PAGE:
The Lithuanian government views Kaspersky Lab as a “potential threat” to national security, according to a prepared statement. It reviewed information from intelligence and partner sources before issuing the ban, a government spokesperson said, and concluded that information from computers using Kaspersky Lab software can leak into other countries.
Lithuania’s ban on Kaspersky Lab software applies to computers used to manage energy, finance and other critical infrastructure, Reuters reported. The country’s government agencies can continue to use Kaspersky Lab software if their computers are not deemed sensitive.
Kaspersky Lab disagrees with Lithuania’s decision to ban its software, the company told Reuters. It also is considering options to challenge the decision.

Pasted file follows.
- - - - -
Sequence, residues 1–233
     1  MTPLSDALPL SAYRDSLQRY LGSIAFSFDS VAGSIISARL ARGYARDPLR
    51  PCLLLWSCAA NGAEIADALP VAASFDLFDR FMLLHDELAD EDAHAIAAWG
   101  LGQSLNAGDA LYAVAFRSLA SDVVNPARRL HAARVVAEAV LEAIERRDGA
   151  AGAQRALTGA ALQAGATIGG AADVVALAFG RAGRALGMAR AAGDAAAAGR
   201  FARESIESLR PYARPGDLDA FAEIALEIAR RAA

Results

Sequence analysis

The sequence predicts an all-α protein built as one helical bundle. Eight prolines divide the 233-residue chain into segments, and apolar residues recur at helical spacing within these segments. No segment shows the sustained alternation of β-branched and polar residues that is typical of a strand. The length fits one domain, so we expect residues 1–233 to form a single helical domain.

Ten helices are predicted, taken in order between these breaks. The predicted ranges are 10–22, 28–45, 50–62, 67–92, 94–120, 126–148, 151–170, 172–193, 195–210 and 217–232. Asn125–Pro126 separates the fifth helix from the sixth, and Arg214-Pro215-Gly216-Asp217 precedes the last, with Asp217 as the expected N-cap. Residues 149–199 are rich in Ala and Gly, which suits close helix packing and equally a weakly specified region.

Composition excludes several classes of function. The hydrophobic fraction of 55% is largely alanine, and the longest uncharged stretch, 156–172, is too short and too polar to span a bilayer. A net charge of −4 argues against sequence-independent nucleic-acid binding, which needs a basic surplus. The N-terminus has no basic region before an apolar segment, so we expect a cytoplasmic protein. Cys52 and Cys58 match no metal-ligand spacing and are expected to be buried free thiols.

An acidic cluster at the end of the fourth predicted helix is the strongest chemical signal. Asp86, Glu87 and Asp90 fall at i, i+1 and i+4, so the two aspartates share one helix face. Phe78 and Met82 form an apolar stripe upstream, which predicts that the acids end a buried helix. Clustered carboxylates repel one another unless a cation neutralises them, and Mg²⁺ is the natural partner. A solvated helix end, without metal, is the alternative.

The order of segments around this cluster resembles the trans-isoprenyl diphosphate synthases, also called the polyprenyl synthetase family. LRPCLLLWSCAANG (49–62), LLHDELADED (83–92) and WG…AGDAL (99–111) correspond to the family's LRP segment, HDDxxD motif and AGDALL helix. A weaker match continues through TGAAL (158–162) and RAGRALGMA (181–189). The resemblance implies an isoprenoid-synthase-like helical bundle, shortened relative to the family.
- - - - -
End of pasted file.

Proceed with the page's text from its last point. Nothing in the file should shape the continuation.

Kaspersky Lab in October launched a global transparency initiative in response to the DHS ban. The initiative emphasizes the use of independent reviews of Kaspersky Lab source code and internal processes, development of transparency centers around the globe and rewards for vulnerabilities found in the company’s products.
Despite the Lithuania and U.S. government bans, Kaspersky Lab’s worldwide sales are projected to increase 9 percent year over year and reach $700 million in 2017, CEO Eugene Kaspersky told Reuters. Comparatively, Kaspersky Lab’s U.S. sales are expected to decline “less than 10 percent” this year, Kaspersky indicated.